Researchers from the Emory Rollins School of Public Health have published a paper in PLOS ONE that links regular attendance at religious services with improved health and lowered mortality. Dr. Ellen L. Idler, joint-appointed professor in Epidemiology at Rollins and Samuel Candler Dobbs Professor of Sociology, is lead author on the paper. Emory faculty Dr. Carol Hogue, Jules and Uldeen Terry Chair in Maternal and Child Health; Dr. John Blevins; and Dr. Mimi Kiser, are co-authors.
The researchers conducted an empirical study on data collected 2004-2014 through the University of Michigan’s Health and Retirement Study (HRS), which surveyed social and economic determinants of mortality in middle-aged and older adults, including religious factors.
“We wanted to link the research on religion—especially religious attendance—into the social determinants of health framework,” says Dr. Idler.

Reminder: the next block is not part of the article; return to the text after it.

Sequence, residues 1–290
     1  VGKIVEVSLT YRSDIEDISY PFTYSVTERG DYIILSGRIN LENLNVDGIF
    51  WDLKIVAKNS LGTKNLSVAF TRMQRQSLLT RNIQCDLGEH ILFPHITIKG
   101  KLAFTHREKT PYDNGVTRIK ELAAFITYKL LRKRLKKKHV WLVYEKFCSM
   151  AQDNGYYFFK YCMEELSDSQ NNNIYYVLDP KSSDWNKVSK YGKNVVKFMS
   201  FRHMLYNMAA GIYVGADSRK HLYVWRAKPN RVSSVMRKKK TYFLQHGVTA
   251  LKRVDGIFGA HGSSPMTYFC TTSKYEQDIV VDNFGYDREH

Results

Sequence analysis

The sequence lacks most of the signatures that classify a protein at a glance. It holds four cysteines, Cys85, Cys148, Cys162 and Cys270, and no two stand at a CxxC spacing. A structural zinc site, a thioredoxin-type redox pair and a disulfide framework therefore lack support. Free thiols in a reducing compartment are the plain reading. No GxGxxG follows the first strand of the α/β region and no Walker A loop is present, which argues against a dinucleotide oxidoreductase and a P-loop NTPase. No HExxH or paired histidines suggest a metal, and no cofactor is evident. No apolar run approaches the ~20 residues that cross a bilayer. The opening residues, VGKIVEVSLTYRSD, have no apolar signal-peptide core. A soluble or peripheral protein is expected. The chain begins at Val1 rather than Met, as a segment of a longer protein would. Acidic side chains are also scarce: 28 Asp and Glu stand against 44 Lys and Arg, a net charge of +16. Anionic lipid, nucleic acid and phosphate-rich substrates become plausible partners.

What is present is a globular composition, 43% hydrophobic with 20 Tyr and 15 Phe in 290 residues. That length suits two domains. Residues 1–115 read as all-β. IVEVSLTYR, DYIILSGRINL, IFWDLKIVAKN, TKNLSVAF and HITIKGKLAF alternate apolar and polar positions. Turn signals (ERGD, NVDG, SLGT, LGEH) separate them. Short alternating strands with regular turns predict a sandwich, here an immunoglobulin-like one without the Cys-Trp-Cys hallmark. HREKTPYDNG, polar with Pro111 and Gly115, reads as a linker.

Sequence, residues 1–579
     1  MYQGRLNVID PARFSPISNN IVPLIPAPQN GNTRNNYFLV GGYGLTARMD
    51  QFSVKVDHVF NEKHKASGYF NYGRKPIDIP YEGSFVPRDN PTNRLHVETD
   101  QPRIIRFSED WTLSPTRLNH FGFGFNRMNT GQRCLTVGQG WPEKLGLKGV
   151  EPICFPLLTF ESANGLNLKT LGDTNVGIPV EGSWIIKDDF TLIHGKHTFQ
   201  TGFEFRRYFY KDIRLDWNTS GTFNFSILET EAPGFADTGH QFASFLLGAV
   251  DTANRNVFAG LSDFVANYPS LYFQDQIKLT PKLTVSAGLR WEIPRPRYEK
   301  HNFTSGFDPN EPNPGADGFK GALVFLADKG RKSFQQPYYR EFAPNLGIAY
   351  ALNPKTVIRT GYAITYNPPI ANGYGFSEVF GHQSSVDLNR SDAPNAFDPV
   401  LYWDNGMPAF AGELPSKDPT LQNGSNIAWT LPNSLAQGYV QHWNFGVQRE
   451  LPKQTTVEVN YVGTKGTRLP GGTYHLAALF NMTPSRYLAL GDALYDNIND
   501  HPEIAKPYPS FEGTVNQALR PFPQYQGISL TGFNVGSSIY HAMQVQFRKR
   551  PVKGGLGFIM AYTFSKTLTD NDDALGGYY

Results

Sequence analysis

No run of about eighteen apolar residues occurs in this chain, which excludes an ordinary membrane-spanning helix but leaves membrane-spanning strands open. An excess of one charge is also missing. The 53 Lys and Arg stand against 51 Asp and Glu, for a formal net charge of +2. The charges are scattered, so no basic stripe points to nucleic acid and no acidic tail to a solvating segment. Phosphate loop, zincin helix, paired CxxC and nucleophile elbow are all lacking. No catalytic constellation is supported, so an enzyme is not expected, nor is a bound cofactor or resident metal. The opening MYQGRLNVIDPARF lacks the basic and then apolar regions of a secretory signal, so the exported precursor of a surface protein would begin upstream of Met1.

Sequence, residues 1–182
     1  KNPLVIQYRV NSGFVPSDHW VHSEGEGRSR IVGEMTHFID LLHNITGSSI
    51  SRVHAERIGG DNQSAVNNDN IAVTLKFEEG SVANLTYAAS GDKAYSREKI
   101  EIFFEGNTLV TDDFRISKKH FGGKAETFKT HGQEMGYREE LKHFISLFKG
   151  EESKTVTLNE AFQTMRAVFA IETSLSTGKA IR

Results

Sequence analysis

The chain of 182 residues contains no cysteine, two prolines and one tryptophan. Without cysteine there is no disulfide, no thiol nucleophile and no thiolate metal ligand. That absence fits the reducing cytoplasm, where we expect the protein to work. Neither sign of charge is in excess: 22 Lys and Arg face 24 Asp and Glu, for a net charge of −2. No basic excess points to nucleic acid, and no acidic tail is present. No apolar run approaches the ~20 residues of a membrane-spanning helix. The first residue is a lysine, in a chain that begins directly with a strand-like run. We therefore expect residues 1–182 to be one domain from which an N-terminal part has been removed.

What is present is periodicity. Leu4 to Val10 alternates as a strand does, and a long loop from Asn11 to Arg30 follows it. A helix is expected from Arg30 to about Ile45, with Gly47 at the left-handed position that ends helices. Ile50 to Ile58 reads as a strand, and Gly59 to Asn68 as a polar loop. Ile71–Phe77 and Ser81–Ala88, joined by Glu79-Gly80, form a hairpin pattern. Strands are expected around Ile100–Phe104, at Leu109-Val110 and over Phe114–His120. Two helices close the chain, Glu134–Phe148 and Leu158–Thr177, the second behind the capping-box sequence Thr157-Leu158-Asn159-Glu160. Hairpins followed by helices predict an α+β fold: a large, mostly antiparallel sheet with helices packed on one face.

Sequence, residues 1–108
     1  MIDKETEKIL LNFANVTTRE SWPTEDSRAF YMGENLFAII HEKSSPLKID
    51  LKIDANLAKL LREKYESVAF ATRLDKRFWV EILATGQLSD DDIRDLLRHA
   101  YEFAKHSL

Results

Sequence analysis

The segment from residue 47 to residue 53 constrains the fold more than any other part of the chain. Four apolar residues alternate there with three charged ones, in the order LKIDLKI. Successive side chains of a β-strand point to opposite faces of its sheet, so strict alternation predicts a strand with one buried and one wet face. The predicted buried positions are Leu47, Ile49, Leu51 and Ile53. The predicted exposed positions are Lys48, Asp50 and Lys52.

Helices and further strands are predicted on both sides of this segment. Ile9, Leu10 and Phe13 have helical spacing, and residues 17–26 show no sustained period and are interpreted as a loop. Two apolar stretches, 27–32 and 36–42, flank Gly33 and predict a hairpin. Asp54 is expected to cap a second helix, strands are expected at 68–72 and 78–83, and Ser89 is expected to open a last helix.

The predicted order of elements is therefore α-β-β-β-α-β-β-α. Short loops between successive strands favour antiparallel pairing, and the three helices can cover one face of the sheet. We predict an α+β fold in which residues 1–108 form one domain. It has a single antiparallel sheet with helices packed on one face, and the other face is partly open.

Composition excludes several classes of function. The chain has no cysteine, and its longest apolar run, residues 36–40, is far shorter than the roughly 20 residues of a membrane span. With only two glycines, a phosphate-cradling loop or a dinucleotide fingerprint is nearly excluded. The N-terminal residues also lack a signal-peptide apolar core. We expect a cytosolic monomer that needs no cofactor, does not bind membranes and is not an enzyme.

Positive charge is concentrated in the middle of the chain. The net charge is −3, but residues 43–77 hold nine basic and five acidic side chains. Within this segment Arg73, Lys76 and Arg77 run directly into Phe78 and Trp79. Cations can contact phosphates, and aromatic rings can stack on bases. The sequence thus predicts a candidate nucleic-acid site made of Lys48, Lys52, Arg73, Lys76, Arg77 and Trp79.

This was an idea the paper’s authors also examined in their book, Religion as a Social Determinant of Public Health (Oxford University Press, 2014), edited by Dr. Idler and featuring chapters by Drs. Blevins, Kiser, and Hogue, in addition to numerous additional Emory faculty.
“With this paper, we were able to take a theory and a conceptual framework to real data and came back with some dramatic findings. “
They found that there is a substantial amount of protection against mortality from all causes for people who attend religious services once a week or more often. Even those who attended less frequently had a greater protection against mortality than those who didn’t attend at all. There were no differences by religious affiliation.
Part of this may be due to the positive health behaviors shown among those who attend religious services more often. For instance, those who attended services more often were less likely to smoke or drink alcohol than those who never attended, and they were more likely to exercise and get health screenings. Those frequenting religious services also experienced social benefits linked to health, like being part of a socially supportive community or volunteering to help others.
The findings showed that the protective effect of frequent attendance at services was very comparable to the effects of higher levels of income and wealth, economic factors that were especially well measured in the HRS.